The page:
Saturday 15th November, lunchtime, Rochester Station. The fascists penned into a corner by the station whilst on either side of the street the counter demonstrators amassed with banners from unions, faith groups and placards demonstrating, once again, that fascists have no sense of humour. They started marching, we stood in the way. For all the followers they have on Facebook, there can only have been 40-50 on the ground, many looking like they would rather be anywhere but there. Jayda and Golding regurgitated the same old rhetoric, while we looked on in contempt and dismay that Rochester and Strood had had to endure such bile.
Then someone said to retreat to the High Street which we duly did and what I saw shall stay with me for a very long time. Lined up by Wetherspoons was an army of anti-fascists proudly carrying a banner whose unequivocal message was, ‘They Shall Not Pass’. Amassed behind the banner there must have been 300-400 people, predominantly local, making a stand against hate. The predictable stand-off ensued with the counter demonstrators showing Britain First up for what they really are – ignorant, hateful extremists. Such was their desperation that they even attempted a surge through the police line, which withstood and triggered a rather surreal game of cat and mouse as Paul and Jayda tried to capture the war memorial. Naturally, they failed and there was a sense of jubilation along the High Street that, once again, the good people of Medway and beyond had stood up, stood tall and repulsed the fascists. The rain could not whither us and we will be back as and when required to face down the threat of far right fascism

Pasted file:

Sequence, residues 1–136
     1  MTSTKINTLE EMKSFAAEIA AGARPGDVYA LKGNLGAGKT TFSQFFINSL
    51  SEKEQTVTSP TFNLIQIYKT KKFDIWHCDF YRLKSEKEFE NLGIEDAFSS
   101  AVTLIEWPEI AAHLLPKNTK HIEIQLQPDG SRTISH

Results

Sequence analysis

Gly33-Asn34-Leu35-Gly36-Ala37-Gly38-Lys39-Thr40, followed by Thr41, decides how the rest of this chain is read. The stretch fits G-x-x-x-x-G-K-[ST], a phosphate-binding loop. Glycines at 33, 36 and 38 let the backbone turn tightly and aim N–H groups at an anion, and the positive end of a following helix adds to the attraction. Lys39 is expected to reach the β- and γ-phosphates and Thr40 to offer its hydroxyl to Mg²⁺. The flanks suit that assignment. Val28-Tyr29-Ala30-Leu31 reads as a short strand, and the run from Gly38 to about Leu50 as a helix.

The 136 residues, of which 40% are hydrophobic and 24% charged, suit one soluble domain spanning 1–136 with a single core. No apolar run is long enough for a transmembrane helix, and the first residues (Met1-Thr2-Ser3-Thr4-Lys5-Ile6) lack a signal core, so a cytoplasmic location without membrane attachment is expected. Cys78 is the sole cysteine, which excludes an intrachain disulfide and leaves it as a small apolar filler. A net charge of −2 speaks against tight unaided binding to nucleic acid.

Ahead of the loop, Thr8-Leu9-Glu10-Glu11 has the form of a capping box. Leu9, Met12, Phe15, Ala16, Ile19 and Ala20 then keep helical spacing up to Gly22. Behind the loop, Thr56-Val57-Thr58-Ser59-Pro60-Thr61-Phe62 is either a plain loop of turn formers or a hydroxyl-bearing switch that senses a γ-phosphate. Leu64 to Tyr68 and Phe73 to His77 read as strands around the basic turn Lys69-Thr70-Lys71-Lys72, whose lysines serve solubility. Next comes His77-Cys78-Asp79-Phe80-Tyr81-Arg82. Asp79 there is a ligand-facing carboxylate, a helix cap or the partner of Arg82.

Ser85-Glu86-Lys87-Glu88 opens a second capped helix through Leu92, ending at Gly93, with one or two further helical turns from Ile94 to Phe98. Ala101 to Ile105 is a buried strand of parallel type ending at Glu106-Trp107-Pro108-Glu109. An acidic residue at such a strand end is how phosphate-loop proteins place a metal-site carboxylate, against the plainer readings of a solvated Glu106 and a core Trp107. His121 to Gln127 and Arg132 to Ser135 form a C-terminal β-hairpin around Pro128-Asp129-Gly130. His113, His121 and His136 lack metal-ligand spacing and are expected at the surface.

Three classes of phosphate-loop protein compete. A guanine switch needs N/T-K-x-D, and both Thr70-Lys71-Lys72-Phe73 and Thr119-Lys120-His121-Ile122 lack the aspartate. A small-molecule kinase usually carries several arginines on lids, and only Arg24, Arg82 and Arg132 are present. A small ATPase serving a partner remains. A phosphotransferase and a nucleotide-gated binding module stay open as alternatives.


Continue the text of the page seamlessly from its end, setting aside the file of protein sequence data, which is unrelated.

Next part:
An abiding image of the day was Britain First whinging outside the station about bully boy police tactics and labour thugs while simultaneously promising to bury a pig under every proposed mosque in the country. One can only hope that charges will follow.
Medway had united and given a resounding ‘no’ to fascism; yet, by the time you read this, it is likely that Rochester and Strood will have a UKIP MP. Complicity between UKIP and Britain First has been evident throughout campaigning and the challenge, among others, is to make Mr Reckless accountable for his inflammatory nonsense about immigration and act when presented with evidence of UKIP activists supporting, tacitly or otherwise, Britain First.
However, I don’t want to end there; I want to end in thanking the hundreds of ordinary people from Medway, and from beyond, who over the last couple of weeks have been part of something special, something which people should, rightly, be proud of – standing up to Britain First, something which Medway will continue to do wherever and whenever the fascists appear.
Words by Guy Jordan